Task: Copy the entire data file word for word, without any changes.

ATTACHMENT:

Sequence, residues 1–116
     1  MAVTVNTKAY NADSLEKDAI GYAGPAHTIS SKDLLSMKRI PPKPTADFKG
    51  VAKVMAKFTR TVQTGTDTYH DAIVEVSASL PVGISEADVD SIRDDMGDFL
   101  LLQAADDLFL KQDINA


Sequence, residues 1–116
     1  MAVTVNTKAY NADSLEKDAI GYAGPAHTIS SKDLLSMKRI PPKPTADFKG
    51  VAKVMAKFTR TVQTGTDTYH DAIVEVSASL PVGISEADVD SIRDDMGDFL
   101  LLQAADDLFL KQDINA